10 super funds still accounting for 60% of early release payments

16 June 2020

The Australian Prudential Regulation Authority (APRA) has confirmed that 10 superannuation funds are still doing the bulk of the heavy lifting when it comes to the Federal Government’s hardship early superannuation scheme.

The latest APRA found that the 10 funds with the highest number of applications received from the Australian Taxation Office (ATO) had made 1.33 million payments worth a total of $9.76 billion with the average payment from these funds being $7,441.

According to the data, the 10 funds are accounting for well over 60% of the early release payments.

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Over the week to 7 June, 2020, the data pointed to superannuation funds making paying to 1667,000 members, bringing the total number of payments made to approximately two million since inception.

“The total value of payments during the week was $1.3 billion, with $14.8 billion paid since inception,” it said. “The average payment made over the period since inception is $7,475.”

The 10 funds continue to reflect both their scale and their exposure to hard-pressed sectors of the industry and include AustralianSuper, AMP Limited, Cbus, Hostplus, REST, Suncorp, HESTA, MLC, CFS and ANZ.

A number of superannuation fund chief executives have told Money Management that they are surprised by the continuing high levels of use of the early access arrangements.




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As we are now finding out following the initial wave of early release data, the figures in relation to increased online gambling and alcohol and cigarette expenditure has increased.
As we near the 1st July, we can only expect those who have already accessed monies in the first round and who have funds remaining will be tempted to again access as much as allowed and again plow the money into meaningless, loss making activities and adverse health related addictions.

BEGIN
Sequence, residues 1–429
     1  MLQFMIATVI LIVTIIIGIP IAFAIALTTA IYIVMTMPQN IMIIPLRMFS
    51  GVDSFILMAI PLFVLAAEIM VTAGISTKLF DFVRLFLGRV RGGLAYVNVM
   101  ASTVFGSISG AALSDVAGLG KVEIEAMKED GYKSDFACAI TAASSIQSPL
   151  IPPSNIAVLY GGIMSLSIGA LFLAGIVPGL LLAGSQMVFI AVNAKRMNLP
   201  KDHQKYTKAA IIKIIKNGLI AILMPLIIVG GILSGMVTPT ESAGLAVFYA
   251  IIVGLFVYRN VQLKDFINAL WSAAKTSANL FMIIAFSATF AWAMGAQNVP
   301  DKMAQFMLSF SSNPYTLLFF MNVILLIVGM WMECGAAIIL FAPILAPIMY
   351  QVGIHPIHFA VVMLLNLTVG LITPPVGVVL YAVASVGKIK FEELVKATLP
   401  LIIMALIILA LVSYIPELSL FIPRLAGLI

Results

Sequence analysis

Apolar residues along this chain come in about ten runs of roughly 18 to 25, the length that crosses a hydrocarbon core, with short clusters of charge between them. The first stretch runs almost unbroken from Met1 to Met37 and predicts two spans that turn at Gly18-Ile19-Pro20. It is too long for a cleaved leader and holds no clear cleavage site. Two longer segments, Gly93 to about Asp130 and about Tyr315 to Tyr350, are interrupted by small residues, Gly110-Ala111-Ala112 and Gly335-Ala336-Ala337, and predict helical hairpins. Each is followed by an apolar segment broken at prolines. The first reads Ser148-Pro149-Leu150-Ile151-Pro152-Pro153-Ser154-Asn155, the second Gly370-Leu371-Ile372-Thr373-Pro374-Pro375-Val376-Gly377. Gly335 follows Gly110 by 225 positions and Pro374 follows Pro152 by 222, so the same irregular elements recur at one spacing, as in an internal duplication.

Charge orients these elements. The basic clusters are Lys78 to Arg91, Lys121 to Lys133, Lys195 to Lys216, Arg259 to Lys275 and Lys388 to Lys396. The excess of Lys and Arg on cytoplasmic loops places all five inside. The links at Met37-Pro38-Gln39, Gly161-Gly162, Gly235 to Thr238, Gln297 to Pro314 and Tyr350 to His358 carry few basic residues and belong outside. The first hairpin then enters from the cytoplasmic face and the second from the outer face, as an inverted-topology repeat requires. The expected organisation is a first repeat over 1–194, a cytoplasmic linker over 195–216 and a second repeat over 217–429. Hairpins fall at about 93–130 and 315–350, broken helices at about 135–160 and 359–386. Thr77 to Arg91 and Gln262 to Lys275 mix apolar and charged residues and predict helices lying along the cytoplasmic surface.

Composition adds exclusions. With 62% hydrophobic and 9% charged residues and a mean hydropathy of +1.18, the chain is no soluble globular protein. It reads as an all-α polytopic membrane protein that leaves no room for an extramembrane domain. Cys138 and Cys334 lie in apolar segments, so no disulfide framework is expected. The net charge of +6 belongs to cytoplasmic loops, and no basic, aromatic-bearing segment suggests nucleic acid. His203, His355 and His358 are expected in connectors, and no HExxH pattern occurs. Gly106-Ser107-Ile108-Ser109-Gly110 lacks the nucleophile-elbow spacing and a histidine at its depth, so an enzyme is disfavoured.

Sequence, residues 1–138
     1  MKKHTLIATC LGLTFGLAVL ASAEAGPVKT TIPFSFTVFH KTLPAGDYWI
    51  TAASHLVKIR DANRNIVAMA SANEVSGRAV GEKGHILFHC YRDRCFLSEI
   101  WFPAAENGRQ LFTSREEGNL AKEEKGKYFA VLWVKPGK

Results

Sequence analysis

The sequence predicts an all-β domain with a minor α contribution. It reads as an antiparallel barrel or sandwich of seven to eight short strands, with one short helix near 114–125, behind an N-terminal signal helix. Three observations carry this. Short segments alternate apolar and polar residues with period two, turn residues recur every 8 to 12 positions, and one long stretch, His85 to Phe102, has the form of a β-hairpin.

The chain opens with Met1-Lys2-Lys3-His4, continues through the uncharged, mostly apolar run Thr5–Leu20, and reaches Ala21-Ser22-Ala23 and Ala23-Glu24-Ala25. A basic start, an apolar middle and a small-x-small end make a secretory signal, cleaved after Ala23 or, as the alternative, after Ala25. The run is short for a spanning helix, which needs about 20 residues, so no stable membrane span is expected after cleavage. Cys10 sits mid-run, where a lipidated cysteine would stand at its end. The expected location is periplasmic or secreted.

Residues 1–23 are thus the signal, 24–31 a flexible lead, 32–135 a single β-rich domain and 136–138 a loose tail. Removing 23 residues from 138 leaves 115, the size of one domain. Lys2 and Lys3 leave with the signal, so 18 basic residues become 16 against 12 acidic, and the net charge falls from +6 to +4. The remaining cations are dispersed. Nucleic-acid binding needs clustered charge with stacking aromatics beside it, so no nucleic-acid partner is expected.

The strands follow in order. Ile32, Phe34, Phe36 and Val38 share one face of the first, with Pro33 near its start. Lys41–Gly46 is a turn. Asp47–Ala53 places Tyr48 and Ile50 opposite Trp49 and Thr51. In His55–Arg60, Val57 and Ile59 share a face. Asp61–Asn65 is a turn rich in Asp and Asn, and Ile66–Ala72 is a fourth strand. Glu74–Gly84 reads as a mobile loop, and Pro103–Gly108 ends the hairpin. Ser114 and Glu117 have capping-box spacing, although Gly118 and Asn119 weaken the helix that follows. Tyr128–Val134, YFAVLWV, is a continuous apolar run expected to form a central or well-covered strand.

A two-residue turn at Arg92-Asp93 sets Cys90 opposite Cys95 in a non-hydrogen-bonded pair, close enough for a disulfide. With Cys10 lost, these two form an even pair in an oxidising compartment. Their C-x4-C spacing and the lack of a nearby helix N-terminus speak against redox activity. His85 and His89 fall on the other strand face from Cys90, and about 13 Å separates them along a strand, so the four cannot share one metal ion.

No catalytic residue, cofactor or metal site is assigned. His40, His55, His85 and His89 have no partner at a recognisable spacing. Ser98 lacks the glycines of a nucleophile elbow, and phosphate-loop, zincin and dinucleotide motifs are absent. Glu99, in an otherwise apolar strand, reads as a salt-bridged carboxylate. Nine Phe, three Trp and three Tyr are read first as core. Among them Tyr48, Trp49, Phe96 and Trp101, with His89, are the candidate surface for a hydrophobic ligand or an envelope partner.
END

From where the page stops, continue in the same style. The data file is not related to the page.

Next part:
So, when people have pilfered their retirement monies and have increased their potential for long term serious health problems placing strain on the public purse for social security and Aged Pension and the struggling public health system, it will be the taxpayer left to clean up the mess with increased taxes applied to their incomes in order to support those who chose to obviate their responsibility.
The early release of superannuation is flawed as no restrictions or parameters have been placed for the purpose of withdrawal and whilst the logistics of monitoring this on a large scale is immense and would have slowed the process considerably, many who have elected to access these funds have simply wasted the money.
The Govt will argue that it has put the money back through the economy during a difficult period, but at what real cost?
For those who have chosen to pay for illegal drugs with all or a portion of their withdrawn funds, this of course does not find its way back through the normal channels of commerce.
There is data to show that communities have saved millions and millions of dollars during the COVID-19 lockdown period when poker machines, casino's and pubs containing gaming products were closed down.
Now that these venues are opening back up again, and the second opportunity for early access is coming soon, they will be significant beneficiaries of the available funds.
Doesn't this just seem to be wrong on every level in regard to the very purpose of accumulating monies for retirement purposes.
This is not about telling people what to do with their money, however, under normal circumstances, the release of super monies due to financial hardship is monitored closely and must satisfy strict criteria.
Perhaps more thought need to be applied in relation to the consequences of this Govt strategy in the first place.

with job keeper and rest of the small business stimulus, was there really that many people struggling or was it just easy money? If that many needed it to 'survive', then how do they do any other time. Nevertheless, maybe all the UBER drivers and UBER eats idiots making 1.5 their normal revenue for not working, should have been something the government was smarter about. All they needed to do was stop working to get paid.
How about paying 75-80% of your income. Seems a waste that so many make more from not working, yet 168k people need to withdraw $7k from super. Look at helping those really in need more, than the ones that profited from a pandemic. Plenty of small business people with a few employers, increased profits. Especially, for example ACCOUNTANTS. Why? Because so many other small business people needed help with JobKeeper.
Fairness in all circumstances in the best policy, particularly when in this case it doesn't seem hard to do.

Wow, didn’t realise Suncorp were so big. Perhaps they should merge with QSuper rather than the other mob.

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